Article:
Imazethapyr; Notice of Filing a Pesticide Petition to Establish a Tolerance for a Certain Pesticide Chemical in or on Food, 37392-37397 [05-12444]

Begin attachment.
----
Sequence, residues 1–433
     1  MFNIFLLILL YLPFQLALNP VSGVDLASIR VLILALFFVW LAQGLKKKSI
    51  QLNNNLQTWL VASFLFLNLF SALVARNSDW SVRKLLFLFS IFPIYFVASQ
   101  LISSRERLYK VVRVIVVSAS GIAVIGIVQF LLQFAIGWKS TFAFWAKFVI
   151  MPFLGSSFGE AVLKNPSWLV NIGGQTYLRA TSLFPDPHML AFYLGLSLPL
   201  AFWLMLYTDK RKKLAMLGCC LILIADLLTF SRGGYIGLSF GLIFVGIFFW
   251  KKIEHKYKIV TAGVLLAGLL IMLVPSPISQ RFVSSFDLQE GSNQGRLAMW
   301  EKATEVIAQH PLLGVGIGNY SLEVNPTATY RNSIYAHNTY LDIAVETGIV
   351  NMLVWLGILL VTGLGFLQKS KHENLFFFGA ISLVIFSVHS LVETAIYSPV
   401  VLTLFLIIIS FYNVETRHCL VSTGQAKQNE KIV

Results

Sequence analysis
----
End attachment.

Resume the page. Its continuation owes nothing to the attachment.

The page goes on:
Download as PDF 37392 Federal Register / Vol. 70, No. 124 / Wednesday, June 29, 2005 / Notices 2. Electronic access. You may access this Federal Register document electronically through the EPA Internet under the ‘‘Federal Register’’ listings at http://www.epa.gov/fedrgstr/. An electronic version of the public docket is available through EPA’s electronic public docket and comment system, EPA Dockets. You may use EPA Dockets at http://www.epa.gov/edocket/ to view public comments, to access the index listing of the contents of the official public docket, and to access those documents in the public docket that are available electronically. Although not all docket materials may be available electronically, you may still access any of the publicly available docket materials through the docket facility identified in Unit I.B.1. Once in the system, select ‘‘search,’’ then key in the appropriate docket ID number. II. Background This document announces EPA’s intent to hold a public meeting or Technical Briefing to present to interested stakeholders the Agency’s risk assessments for the soil fumigant pesticides dazomet, metam sodium, methyl bromide, and 1,3-D or Telone. EPA is assessing risks and will develop risk management decisions for five soil fumigants, including dazomet, metam sodium, and methyl bromide, plus chloropicrin and a new active ingredient, iodomethane. 1,3-D risks will be discussed for comparative purposes; however, the Agency’s risk management decision for 1,3-D was completed in September 1998. Risk assessments for chloropicrin and iodomethane will follow about a month later due to recently submitted data which are currently under review. The Technical Briefing is part of EPA’s process to involve the public in developing pesticide registration and reregistration eligibility decisions. Through these programs, the Agency is ensuring that all pesticides meet current health and safety standards. At the Technical Briefing, EPA will describe the risk assessments and the data, information and methodologies used in developing them. Stakeholders will have an opportunity to ask clarifying questions. On the day of the Technical Briefing, the soil fumigant risk assessments and related documents will be available in their respective pesticide Dockets and EDOCKET on the Agency’s web site. These docket ID numbers will be as follows: Methyl bromide (OPP–2005–0123), 1,3-D (OPP– 2005–0124), metam sodium (OPP–2005– 0125), and dazomet (OPP–2005–0128). EPA will solicit public comment on the risk assessments and related documents VerDate jul<14>2003 17:40 Jun 28, 2005 Jkt 205001 through Federal Register notices of availability, which are scheduled to be published on the day of the Technical Briefing. After considering public comments received, EPA will revise the risk assessments for dazomet, metam sodium, methyl bromide, and 1,3-D (and later for chloropicrin and iodomethane) and develop any needed risk mitigation. Stakeholders and the public will have opportunities, including stakeholder meetings during public comment periods, to review the revised risk assessments and provide ideas and recommendations on risk mitigation options. EPA is evaluating the soil fumigants to ensure that its risk assessment approaches are consistent, and to ensure that risk tradeoffs and economic outcomes can be adequately predicted in reaching risk management decisions. Using this approach, the Agency expects to address risks of concern while maintaining key use benefits. List of Subjects Environmental protection, Pesticides and pests. Dated: June 23, 2005. Debra Edwards, Director, Special Review and Reregistration Division, Office of Pesticide Programs. [FR Doc. 05–12917 Filed 6–28–05; 8:45 am] BILLING CODE 6560–50–S ENVIRONMENTAL PROTECTION AGENCY [OPP–2005–0161; FRL–7718–5] Imazethapyr; Notice of Filing a Pesticide Petition to Establish a Tolerance for a Certain Pesticide Chemical in or on Food Environmental Protection Agency (EPA). ACTION: Notice. AGENCY: SUMMARY: This notice announces the initial filing of a pesticide petition proposing the establishment of regulations for residues of a certain pesticide chemical in or on various food commodities. DATES: Comments, identified by docket identification (ID) number OPP–2005– 0161, must be received on or before July 29, 2005. ADDRESSES: Comments may be submitted electronically, by mail, or through hand delivery/courier. Follow the detailed instructions as provided in Unit I. of the SUPPLEMENTARY INFORMATION. PO 00000 Frm 00072 Fmt 4703 Sfmt 4703 Jim Tompkins, Registration Division (7505C), Office of Pesticide Programs, Environmental Protection Agency, 1200 Pennsylvania Ave., NW., Washington, DC 20460–-0001; telephone number: (703) 305–5697; e-mail address: tompkins.jim@epa.gov. FOR FURTHER INFORMATION CONTACT: SUPPLEMENTARY INFORMATION: I. General Information A. Does this Action Apply to Me? You may be potentially affected by this action if you an agricultural producer, food manufacturer, or pesticide manufacturer. Potentially affected entities may include, but are not limited to: • Crop production (NAICS 111) • Animal production (NAICS 112) • Food manufacturing (NAICS 311) • Pesticide manufacturing (NAICS 32532) This listing is not intended to be exhaustive, but rather provides a guide for readers regarding entities likely to be affected by this action. Other types of entities not listed in this unit could also be affected. The North American Industrial Classification System (NAICS) codes have been provided to assist you and others in determining whether this action might apply to certain entities. If you have any questions regarding the applicability of this action to a particular entity, consult the person listed under FOR FURTHER INFORMATION CONTACT. B. How Can I Get Copies of this Document and Other Related Information? 1. Docket. EPA has established an official public docket for this action under docket ID number OPP–2005– 0161. The official public docket consists of the documents specifically referenced in this action, any public comments received, and other information related to this action. Although a part of the official docket, the public docket does not include Confidential Business Information (CBI) or other information whose disclosure is restricted by statute. The official public docket is the collection of materials that is available for public viewing at the Public Information and Records Integrity Branch (PIRIB), Rm. 119, Crystal Mall #2, 1801 S. Bell St., Arlington, VA. This docket facility is open from 8:30 a.m. to 4 p.m., Monday through Friday, excluding legal holidays. The docket telephone number is (703) 305–5805. 2. Electronic access. You may access this Federal Register document electronically through the EPA Internet E:\FR\FM\29JNN1.SGM 29JNN1 Federal Register / Vol. 70, No. 124 / Wednesday, June 29, 2005 / Notices under the ‘‘Federal Register’’ listings at http://www.epa.gov/fedrgstr/. An electronic version of the public docket is available through EPA’s electronic public docket and comment system, EPA Dockets. You may use EPA Dockets at http://www.epa.gov/edocket/ to submit or view public comments, access the index listing of the contents of the official public docket, and to access those documents in the public docket that are available electronically. Although not all docket materials may be available electronically, you may still access any of the publicly available docket materials through the docket facility identified in Unit I.B.1. Once in the system, select ‘‘search,’’ then key in the appropriate docket ID number. Certain types of information will not be placed in the EPA Dockets. Information claimed as CBI and other information whose disclosure is restricted by statute, which is not included in the official public docket, will not be available for public viewing in EPA’s electronic public docket. EPA’s policy is that copyrighted material will not be placed in EPA’s electronic public docket but will be available only in printed, paper form in the official public docket. To the extent feasible, publicly available docket materials will be made available in EPA’s electronic public docket. When a document is selected from the index list in EPA Dockets, the system will identify whether the document is available for viewing in EPA’s electronic public docket. Although not all docket materials may be available electronically, you may still access any of the publicly available docket materials through the docket facility identified in Unit I.B. EPA intends to work towards providing electronic access to all of the publicly available docket materials through EPA’s electronic public docket. For public commenters, it is important to note that EPA’s policy is that public comments, whether submitted electronically or in paper, will be made available for public viewing in EPA’s electronic public docket as EPA receives them and without change, unless the comment contains copyrighted material, CBI, or other information whose disclosure is restricted by statute. When EPA identifies a comment containing copyrighted material, EPA will provide a reference to that material in the version of the comment that is placed in EPA’s electronic public docket. The entire printed comment, including the copyrighted material, will be available in the public docket. Public comments submitted on computer disks that are mailed or VerDate jul<14>2003 17:40 Jun 28, 2005 Jkt 205001 delivered to the docket will be transferred to EPA’s electronic public docket. Public comments that are mailed or delivered to the docket will be scanned and placed in EPA’s electronic public docket. Where practical, physical objects will be photographed, and the photograph will be placed in EPA’s electronic public docket along with a brief description written by the docket staff. C. How and To Whom Do I Submit Comments? You may submit comments electronically, by mail, or through hand delivery/courier. To ensure proper receipt by EPA, identify the appropriate docket ID number in the subject line on the first page of your comment. Please ensure that your comments are submitted within the specified comment period. Comments received after the close of the comment period will be marked ‘‘late.’’ EPA is not required to consider these late comments. If you wish to submit CBI or information that is otherwise protected by statute, please follow the instructions in Unit I.D. Do not use EPA Dockets or e-mail to submit CBI or information protected by statute. 1. Electronically. If you submit an electronic comment as prescribed in this unit, EPA recommends that you include your name, mailing address, and an email address or other contact information in the body of your comment. Also include this contact information on the outside of any disk or CD ROM you submit, and in any cover letter accompanying the disk or CD ROM. This ensures that you can be identified as the submitter of the comment and allows EPA to contact you in case EPA cannot read your comment due to technical difficulties or needs further information on the substance of your comment. EPA’s policy is that EPA will not edit your comment, and any identifying or contact information provided in the body of a comment will be included as part of the comment that is placed in the official public docket, and made available in EPA’s electronic public docket. If EPA cannot read your comment due to technical difficulties and cannot contact you for clarification, EPA may not be able to consider your comment. i. EPA Dockets. Your use of EPA’s electronic public docket to submit comments to EPA electronically is EPA’s preferred method for receiving comments. Go directly to EPA Dockets at http://www.epa.gov/edocket/, and follow the online instructions for submitting comments. Once in the system, select ‘‘search,’’ and then key in docket ID number OPP–2005–0161. The PO 00000 Frm 00073 Fmt 4703 Sfmt 4703 37393 system is an ‘‘anonymous access’’ system, which means EPA will not know your identity, e-mail address, or other contact information unless you provide it in the body of your comment. ii. E-mail. Comments may be sent by e-mail to opp-docket@epa.gov, Attention: Docket ID Number OPP– 2005–0161. In contrast to EPA’s electronic public docket, EPA’s e-mail system is not an ‘‘anonymous access’’ system. If you send an e-mail comment directly to the docket without going through EPA’s electronic public docket, EPA’s e-mail system automatically captures your e-mail address. E-mail addresses that are automatically captured by EPA’s e-mail system are included as part of the comment that is placed in the official public docket, and made available in EPA’s electronic public docket. iii. Disk or CD ROM. You may submit comments on a disk or CD ROM that you mail to the mailing address identified in Unit I.C.2. These electronic submissions will be accepted in WordPerfect or ASCII file format. Avoid the use of special characters and any form of encryption. 2. By mail. Send your comments to: Public Information and Records Integrity Branch (PIRIB) (7502C), Office of Pesticide Programs (OPP), Environmental Protection Agency, 1200 Pennsylvania Ave., NW., Washington, DC 20460–0001, Attention: Docket ID Number OPP–2005–0161. 3. By hand delivery or courier. Deliver your comments to: Public Information and Records Integrity Branch (PIRIB), Office of Pesticide Programs (OPP), Environmental Protection Agency, Rm. 119, Crystal Mall #2, 1801 S. Bell St., Arlington, VA, Attention: Docket ID Number OPP–2005–0161. Such deliveries are only accepted during the docket’s normal hours of operation as identified in Unit I.B.1. D. How Should I Submit CBI to the Agency? Do not submit information that you consider to be CBI electronically through EPA’s electronic public docket or by e-mail. You may claim information that you submit to EPA as CBI by marking any part or all of that information as CBI (if you submit CBI on disk or CD ROM, mark the outside of the disk or CD ROM as CBI and then identify electronically within the disk or CD ROM the specific information that is CBI). Information so marked will not be disclosed except in accordance with procedures set forth in 40 CFR part 2. In addition to one complete version of the comment that includes any information claimed as CBI, a copy of E:\FR\FM\29JNN1.SGM 29JNN1 37394 Federal Register / Vol. 70, No. 124 / Wednesday, June 29, 2005 / Notices the comment that does not contain the information claimed as CBI must be submitted for inclusion in the public docket and EPA’s electronic public docket. If you submit the copy that does not contain CBI on disk or CD ROM, mark the outside of the disk or CD ROM clearly that it does not contain CBI. Information not marked as CBI will be included in the public docket and EPA’s electronic public docket without prior notice. If you have any questions about CBI or the procedures for claiming CBI, please consult the person listed under FOR FURTHER INFORMATION CONTACT. E. What Should I Consider as I Prepare My Comments for EPA? You may find the following suggestions helpful for preparing your comments: 1. Explain your views as clearly as possible. 2. Describe any assumptions that you used. 3. Provide copies of any technical information and/or data you used that support your views. 4. If you estimate potential burden or costs, explain how you arrived at the estimate that you provide. 5. Provide specific examples to illustrate your concerns. 6. Make sure to submit your comments by the deadline in this notice. 7. To ensure proper receipt by EPA, be sure to identify the docket ID number assigned to this action in the subject line on the first page of your response. You may also provide the name, date, and Federal Register citation. II. What Action is the Agency Taking? EPA has received a pesticide petition as follows proposing the establishment and/or amendment of regulations for residues of a certain pesticide chemical in or on various food commodities under section 408 of the Federal Food, Drug, and Cosmetic Act (FFDCA), 21 U.S.C. 346a. EPA has determined that this petition contains data or information regarding theelements set forth in FFDCA section 408(d)(2); however, EPA has not fully evaluated the sufficiency of the submitted data at this time or whether the data support granting of the petition. Additional data may be needed before EPA rules on the petition. List of Subjects Environmental protection, Agricultural commodities, Feed additives, Food additives, Pesticides and pests, Reporting and recordkeeping requirements. VerDate jul<14>2003 17:40 Jun 28, 2005 Jkt 205001 Dated: June 10. 2005. Betty Shackleford, Acting Director, Registration Division, Office of Pesticide Programs. Summary of Petition The petitioner summary of the pesticide petition is printed below as required by FFDCA section 408(d)(3). The summary of the petition was prepared by the petitioner and represents the view of the petitioner. The petition summary announces the availability of a description of the analytical methods available to EPA for the detection and measurement of the pesticide chemical residues or an explanation of why no such method is needed. BASF Corporation PP 5F 6947 EPA has received a pesticide petition (5F 6947) from BASF Corporation, 26 Davis Drive, P.O. Box 13528, Research Triangle Park, North Carolina 27709– 3528 proposing, pursuant to section 408(d) of the Federal Food, Drug, and Cosmetic Act (FFDCA), 21 U.S.C. 346a(d), to amend 40 CFR part 180 by establishing a tolerance for residues of imazethapyr,2–[4,5–dihydro–4–methyl– 4–(1–methylethyl)–5–oxo–1H-imidazol– 2–yl]–5–ethyl–3–pyridine-carboxylic acid) as its free acid or its ammonium salt (calculated as the acid), and its metabolite 2–[4, 5–dihydro–4–methyl– 4–(1–methylethyl–5–oxo-1H-imidazol– 2–yl]–5–(1–hydroxyethyl)–3– pyridinecarboxylic acid both free and conjugated] in or on the raw agricultural commodity rice grain at 0.3 parts per million (ppm) and rice straw at 0.4 ppm. EPA has determined that the petition contains data or information regarding the elements set forth in section 408(d)(2) of the FFDCA; however, EPA has not fully evaluated the sufficiency of the submitted data at this time or whether the data supports granting of the petition. Additional data may be needed before EPA rules on the petition. A. Residue Chemistry 1. Plant metabolism. The qualitative nature of the residues of imazethapyr in rice is adequately understood. Based on studies conducted on soybean, edible and forage legumes and corn, parent imazethapyr and common metabolites CL 288511 and CL 182704 are the only residues of concern for tolerance setting purposes. 2. Analytical method. The analytical method for rice commodities, grain and straw is based on Capillary Electrophoresis with limits of quantitation (LOQ) of 0.05 ppm. PO 00000 Frm 00074 Fmt 4703 Sfmt 4703 Measurement of imazethapyr residues in polished rice, hull and bran are accomplished by Liquid Chromatography/Atmospheric Pressure Ionization-Electrospray (API/ES) Mass Spectrometry (LC/MS). The validated LOQ of the method is 0.025 ppm. A CZE-methodology is available for the determination of imazethapyr in crayfish with limits of quantitation of 50 ppb. These independently validated methods are appropriate for the enforcement purposes of this petition. 3. Magnitude of residues. A total of nineteen field trials were conducted with imazethapyr and its metabolites on rice in 1997 and 1998 at several different use rates and timing intervals to represent the use patterns which would result in the highest residue. In these trials, residues of parent compound AC 263499 in grain and straw were less than the limit of quantitation (0.05 ppm). The hydroxy metabolite, CL 288511 was detected in grain samples at a maximum value of 0.085 ppm. All straw samples analyzed for CL 288511 residues were less than the limit of quantitation (0.05 ppm). The glucose conjugate, CL 182704 was detected at a maximum value of 0.11 ppm in grain. All straw samples analyzed for CL 182704 residues were less than the limit of quantitation (0.05 ppm). The raw agricultural commodity (RAC) samples were also processed into polished rice, hull and bran. Results from these studies support the proposed tolerances of 0.3 ppm for rice grain and 0.4 ppm for rice straw. B. Toxicological Profile 1. Acute toxicity. Imazethapyr technical is considered to be nontoxic (Toxicity Category IV) to the rat by the oral route of exposure. In an acute oral toxicity study in rats, the LD50 value of imazethapyr technical was greater than 5,000 mg/kg body weight for males and females. The results from an acute dermal toxicity study in rabbits indicate that imazethapyr is slightly toxic (Toxicity Category III) to rabbits by the dermal route of exposure. The dermal LD50 value of imazethapyr technical was greater than 2,000 mg/kg bw for both male and female rabbits. Imazethapyr technical is considered to be non-toxic (Toxicity Category IV) to the rat by the respiratory route of exposure. The 4– hour LC50 value was greater than 3.27 mg/l (analytical) and greater than 4.21 mg/l (gravimetric) for both males and females. Imazethapyr technical was shown to be non-irritating to rabbit skin (Toxicity Category IV) and mildly irritating to the rabbit eye (Toxicity Category III). Based on the results of a dermal sensitization study (Buehler), E:\FR\FM\29JNN1.SGM 29JNN1 Federal Register / Vol. 70, No. 124 / Wednesday, June 29, 2005 / Notices imazethapyr technical is not considered a sensitizer in guinea pigs. 2. Genotoxicity. Imazethapyr technical was tested in a battery of four in vitro and one in vivo genotoxicity assays measuring several different endpoints of potential genotoxicity. Collective results from these studies indicate that imazethapyr does not pose a mutagenic or genotoxic risk. 3.Reproductive and developmental toxicity. The developmental toxicity study in Sprague Dawley rats conducted with imazethapyr technical showed no evidence of developmental toxicity or teratogenic effects in fetuses. Thus, imazethapyr is neither a developmental toxicant nor a teratogen in the rat. The No-Observable-Effect-Level (NOEL) for maternal toxicity was 375 mg/kg bw/ day, based on clinical signs of toxicity in the dams (e.g. excessive salivation) at 1,125 mg/kg bw/day. Imazethapyr technical did not exhibit developmental toxicity or teratogenic effects at maternal dosages up to and including 1,125 mg/kg bw/day, the highest dose tested (HDT). Results from a developmental toxicity study in New Zealand White rabbits with imazethapyr technical also indicated no evidence of developmental toxicity or teratogenicity. Thus, imazethapyr technical is neither a developmental toxicant nor a teratogen in the rabbit. The NOEL for maternal toxicity was 300 mg/kg bw/day, based on decreased food consumption and body weight gain, abortion, gastric ulceration and death at 1,000 mg/kg bw/ day, the next HDT. The NOEL for developmental toxicity and teratogenic effects was determined to be <1,000 mg/ kg bw/day based on no developmental toxicity or fetal malformations associated with the administration of all doses. The results from the two-generation reproduction toxicity study in rats with imazethapyr technical support a NOEL for reproductive toxicity of 10,000 ppm (equivalent to 800 mg/kg bw/day). The NOEL for non-reproductive parameters (i.e. decreased weanling body weights) is 5,000 ppm. 4. Subchronic toxicity. A short-term (21–day) dermal toxicity study in rabbits was conducted with imazethapyr technical. No dermal irritation or abnormal clinical signs were observed at dose levels up to and including 1,000 mg/kg bw/day (HDT), supporting a NOEL for dermal irritation and systemic toxicity of 1,000 mg/kg bw/day. In a subchronic (13–week) dietary toxicity study in rats with imazethapyr technical, no signs of systemic toxicity were noted, supporting a NOEL of 10,000 ppm the highest concentration VerDate jul<14>2003 17:40 Jun 28, 2005 Jkt 205001 tested (equivalent to 820 mg/kg bw/ day). In a subchronic (13–week) dietary toxicity study in dogs with imazethapyr technical, no signs of systemic toxicity were noted, supporting a NOEL of 10,000 ppm (equivalent to 250 mg/kg b.w./day), the highest concentration tested. 5.Chronic toxicity. A one-year dietary toxicity study was conducted with imazethapyr technical in Beagle dogs at dietary concentrations of 0, 1,000, 5,000 and 10,000 ppm. In this study, the NOEL for systemic toxicity was 1,000 ppm (equivalent to 25 mg/kg bw/day), based on slight anemia, i.e., decreased red cell parameters observed at 5,000 and 10,000 ppm concentrations. No treatment-related histopathological lesions were observed at any dietary concentration, including the highest concentration tested (10,000 ppm). In a two-year chronic dietary oncogenicity and toxicity study in rats conducted with imazethapyr technical, the NOEL for oncogenicity and chronic systemic toxicity was 10,000 ppm (equivalent to 500 mg/kg bw/day), the highest concentration tested. An 18– month chronic dietary oncogenicity and toxicity study in mice with imazethapyr technical supports a NOEL for oncogenicity of 10,000 ppm, the highest concentration tested (equivalent to 1,500 mg/kg bw/day), and a NOEL for chronic systemic toxicity of 5,000 ppm (equivalent to 750 mg/kg bw/day), based on decreased body weight gain in both sexes). The EPA has classified imazethapyr as negative for carcinogenicity (evidence of non-carcinogenicity for humans) based on the absence of treatmentrelated tumors in acceptable carcinogenicity studies in both rats and mice. 6. Animal metabolism. The rat, goat and hen metabolism studies indicate that the qualitative nature of the residues of imazethapyr in animals is adequately understood. In three rat metabolism studies conducted with radiolabeled imazethapyr technical the major route of elimination of the herbicide was through rapid excretion in urine and to a much lesser extent in feces. In the first study, almost 100% of the administered material was recovered in excreta within 96 hours (89–95% in urine, 6– 11% in feces). The major residue in urine and feces was parent compound. Approximately 2% of the dose was metabolized and excreted as the ahydroxyethyl derivative of imazethapyr. In the second study, the test material was rapidly and completely eliminated unchanged in the urine within 72 hours PO 00000 Frm 00075 Fmt 4703 Sfmt 4703 37395 of dosing. After 24 hours, 92.1% of radioactivity was excreted in the urine with 4.67% in the feces. There was no significant bioaccumulation of radioactivity in the tissues from this rat metabolism study (<0.01 ppm after 24 hours). In the third study, four groups treated with radiolabeled imazethapyr readily excreted <95% of the test material in the urine and feces within 48 hours. A high percentage (97–99%) of the test material was excreted in the urine as unchanged parent, the remainder as the a-hydroxyethyl derivative of imazethapyr. For all three studies, the major route of elimination of the herbicide in rats was through rapid excretion of unchanged parent compound in urine. It is clear that imazathapyr and its related residues do not accumulate in tissues and organs. In the goat metabolism study, parent 14C-imazethapyr was dosed to lactating goats at 0.25 ppm and 1.25 ppm. Results showed 14C-residues of <0.01 ppm in milk and <0.05 ppm in leg muscle, loin muscle, blood, fat, liver and kidney. Laying hens dosed at 0.5 ppm and 2.5 ppm with 14C-imazethapyr showed 14Cresidues of <0.05 ppm in eggs and all tissues (blood, muscle, skin/fat, liver and kidney). Additional animal metabolism studies have been conducted with CL 288511 (main metabolite in treated crops fed to livestock) in both laying hens and lactating goats. These studies have been repeated to support subsequent use extensions on crops used as livestock feed items which would theoretically result in a higher dosing of imazethapyrderived residues to livestock (i.e., corn, alfalfa). In these studies, lactating goats dosed at 42 ppm of 14C-CL 288511 showed 14C-residues of <0.01 ppm in milk, leg muscle, loin muscle and omental fat. 14C-Residues in blood were mostly <0.01 ppm but reached 0.01 ppm on two of the treatment days. 14CResidue levels in the liver and kidney were 0.02 and 0.09 ppm, respectively. Laying hens dosed at 10.2 ppm of 14Cimazethapyr showed 14C-residues of <0.01 ppm in eggs and all tissues (blood, muscle, skin/fat, liver and kidney). 14Cimazethapyr or 14C-CL 288511 ingested by either laying hens or lactating goats was excreted within 48 hours of dosing. These studies indicate that parent imazethapyr and CL 288511-related residues do not accumulate in milk or edible tissues of the ruminant. 7. Metabolite toxicology. Metabolism studies in soybean, peanut, corn and alfalfa indicate that the only significant metabolites are the a-hydroxyethyl derivative of imazethapyr, CL 288511 and its glucose conjugate CL 182704. The a-hydroxyethyl metabolite has also E:\FR\FM\29JNN1.SGM 29JNN1 37396 Federal Register / Vol. 70, No. 124 / Wednesday, June 29, 2005 / Notices been identified in minor quantities in the previously submitted rat metabolism studies and in goat and hen metabolism studies. No additional toxicologically significant metabolites were detected in any of the plant or animal metabolism studies. 8. Endocrine disruption. Collective organ weight data and histopathological findings from the two-generation rat reproductive study, as well as from the subchronic and chronic toxicity studies in three different animal species demonstrate no apparent estrogenic effects or treatment-related effects of imazethapyr on the endocrine system. C. Aggregate Exposure 1. Dietary exposure—i. Food. BASF has determined that there are no toxic effects attributable to a single dose of imazethapyr. Therefore, a quantitative acute dietary exposure and risk assessment was not required. Assessments were conducted to evaluate the potential risk due to chronic dietary exposure of the U.S. population to residues of imazethapyr. This herbicide and its metabolites (CL 288511, CL 182704) were expressed as the parent compound (imazethapyr). A dietary exposure analysis was conducted for all current crops, including the increased tolerance for rice grain and straw, and secondary residues in meat, meat byproducts, and fat. The commodities include canola, field corn, crop group 6, soybeans, alfalfa, nongrass animal feed group, peanuts, endive, crayfish, head lettuce, and leaf lettuce. The tier 1 chronic dietary exposure estimates were based on the tolerance values, 100 percent crop treated values, default concentration/processing factors and consumption data from the USDA Continuing Survey of Food Intake by Individuals (CSFII 1994 – 1996, 1998) and the EPA Food Commodity Ingredient Database (FCID) using Exponent’s Dietary Exposure Evaluation Module (DEEM-FCID) software. Resulting exposure estimates were compared against the imazethapyr chronic Population Adjusted Dose (cPAD) of 2.5 mg/kg bw/day. Exposure estimates for the imazethapyr chronic dietary assessments were well below U.S. EPA’s level of concern (See Table 1). The estimated chronic dietary exposure was <0.1% of the cPAD for all subpopulations. Additional refinements such as the use of anticipated residues and predicted percent crop treated would further reduce the estimated chronic dietary exposure. TABLE 1.—SUMMARY OF CHRONIC DIETARY EXPOSURE AND RISK FOR IMAZETHAPYR CONSIDERING ALL CURRENT CROPS AND SECONDARY ANIMAL RESIDUES Population Subgroups Exposure Estimate (mg/kg bw/day) %cPAD (cPAD = 2.5 mg/kg bw/day) U.S. Population 0.000476 0.019 All Infants (<1 year old) 0.000693 0.028 Children (1-2 years old) 0.000945 0.038 Children (3-5 years old) 0.000959 0.038 Children (6-12 years old) 0.000701 0.028 Youth (13-19 years old) 0.000514 0.021 Females (13-49 years old) 0.000379 0.015 Adults (20-49 years old) 0.000424 0.017 Adults (50+ years old) 0.000304 0.012 ii. Drinking water. Because the Agency does not have monitoring data, drinking water concentration estimates are made by reliance on simulation or modeling taking into account data on the physical characteristics of imazethapyr. EPA determined that the residue of concern in drinking water is only imazethapyr. Surface water (rice paddy model; peak and average 126 µg/ l) estimated drinking water concentrations (EDWCs) for imazethapyr were calculated. The surface water EDWCs were generated assuming two applications of imazethapyr at 0.188 lbs ae/acre (highest registered/proposed multiple application rate). Based on several prospective ground water studies the upper bound ground water exposure would not be expected to exceed 1 µg/ L. The estimated drinking water concentrations (EDWC) for both surface water and ground water are well below the allowable level. Drinking water level of comparison (DWLOC) calculations and comparisons to surface water estimations are given as follows in Table 2. TABLE 2. — ESTIMATED CHRONIC DRINKING WATER VALUES FOR IMAZETHAPYR U.S. Population1 DWLOCchronic DWLOC chronic (µg/L) 87483 All Infants <1 year) 24993 Children (1-6 years) Females (13-49 years) Adults (20-49 years) 24991 74989 87485 126 126 126 E:\FR\FM\29JNN1.SGM 29JNN1 EDWC’s PRZM/EXAMS (BASF) Surface water (µg/L)* 126 126 *acute value for surface water VerDate jul<14>2003 17:40 Jun 28, 2005 Jkt 205001 PO 00000 Frm 00076 Fmt 4703 Sfmt 4703 37397 Federal Register / Vol. 70, No. 124 / Wednesday, June 29, 2005 / Notices iii. Aggregate exposure (diet + water). The estimated chronic aggregate exposure of imazethapyr from potential residues in food and water are summarized in Table 3 as follows. Imazethapyr is not registered for residential use and therefore residential exposure was not considered. TABLE 3. — ESTIMATED CHRONIC AGGREGATE EXPOSURE FROM THE USE OF IMAZETHAPYR Aggregate Exposure2 (mg/kg/day) Chronic Food Exposure (mg/kg/day) Chronic Drinking Water Exposure1 (mg/kg/day) U.S. Population 0.000476 0.003600 0.004076 0.16 Infants (< 1 year old) 0.000693 0.012600 0.013293 0.53 Children (1-6 years old) 0.000937 0.012600 0.013537 0.54 Females (13-49 years old) 0.000379 0.004000 0.004379 0.18 Adults (20-49 years old) 0.000424 0.003600 0.004024 0.16 Population Subgroup 1 2 Aggregate %cPAD Aggregate Exposure = Food Exposure + Drinking Water Exposure Drinking Water Exposure (mg/kg/day) = [Drinking Water Concentration (µg/L) * Water Consumed (L/day)/ Body weight (kg)]/1,000 The assessment results indicate the aggregate exposure of imazethapyr from potential residues in food and drinking water will not exceed the U.S. EPA’s level of concern (100% of PAD). The percent chronic PAD was <1% for all subpopulations. Additional refinements such as the use of anticipated residues and predicted percent crop treated would further reduce the estimated chronic dietary exposure and %cPAD. Overall, considering a ‘‘worst-case’’ scenario, we can conclude with reasonable certainty that no harm will occur from chronic aggregate exposure of imazethapyr residues from the current crops, including the higher proposed tolerance values. 2. Non-dietary exposure . Imazethapyr products are not currently registered for requested to be registered for residential use; therefore the estimate of residential exposure is not relevant to this tolerance petition. D. Cumulative Effects Imazethapyr is a member of the imidazolinone class of herbicides. Other compounds of this class are registered for use in the United States However, the herbicidal activity of the imidazolinones is due to the inhibition of acetohydroxyacid synthase (AHAS), an enzyme only found in plants. AHAS is part of the biosynthetic pathway leading to the formation of branched chain amino acids. Animals lack AHAS and this biosynthetic pathway. This lack of AHAS contributes to the low toxicity of the imidazolinone compounds in animals. We are aware of no information to indicate or suggest that imazethapyr has any toxic effects on mammals that would be cumulative with those of any other chemical. Therefore, for the VerDate jul<14>2003 17:40 Jun 28, 2005 Jkt 205001 purposes of this tolerance petition no assumption has been made with regard to cumulative exposure with other compounds having a common mode of action. E. Safety Determination 1. U.S. population. Using the conservative exposure assumptions described above and based on the completeness and the reliability of the toxicity data, BASF has estimated the aggregate exposure to imazethapyr will utilize less than 1% of the cPAD for the U.S. population and all subpopulations, respectively. 2. Infants and children. All subpopulations based on age were considered. Infants and children remained below 1% of the aggregate cPAD for food and water. BASF, considering a worst-case situation, concludes with reasonable certainty that no harm will result to infants or children from aggregate exposure to imazethapyr residues. No additional FQPA safety factor(s) are considered to be appropriate for imazethapyr. There is a complete toxicity database for imazethapyr and the exposure data are complete or are estimated based on data that reasonably accounts for potential exposures. Based on the toxicology data and conclusions, a FQPA safety factor of 1X appears to be appropriate for imazethapyr. F. International Tolerances There are no Codex maximum residue levels established or proposed for residues of imazethapyr on rice. [FR Doc. 05–12444 Filed 6–28–05; 8:45 am] BILLING CODE 6560–50–S PO 00000 Frm 00077 Fmt 4703 Sfmt 4703 ENVIRONMENTAL PROTECTION AGENCY [OPP–2005–0033; FRL–7718–8] Paraquat Dichloride; Notice of Filing a Pesticide Petition to Establish a Tolerance for a Certain Pesticide Chemical in or on Food Environmental Potection Agency (EPA). ACTION: Notice. AGENCY: SUMMARY: This notice announces the initial filing of a pesticide petition proposing the establishment of regulations for residues of a certain pesticide chemical in or on various food commodities. DATES: Comments, identified by docket identification (ID) number OPP–2005– 0033, must be received on or before July 29, 2005. ADDRESSES: Comments may be submitted electronically, by mail, or through hand delivery/courier. Follow the detailed instructions as provided in Unit I of the SUPPLEMENTARY INFORMATION. Jim Tompkins, Registration Division (7505C), Office of Pesticide Programs, Environmental Protection Agency, 1200 Pennsylvania Ave., NW., Washington, DC 20460–0001; telephone number:(703) 305–5697; e-mail address: tompkins.jim@epa.gov. SUPPLEMENTARY INFORMATION: FOR FURTHER INFORMATION CONTACT: I. General Information A. Does this Action Apply to Me? You may be potentially affected by this action if you are an agricultural producer, food manufacturer, or E:\FR\FM\29JNN1.SGM 29JNN1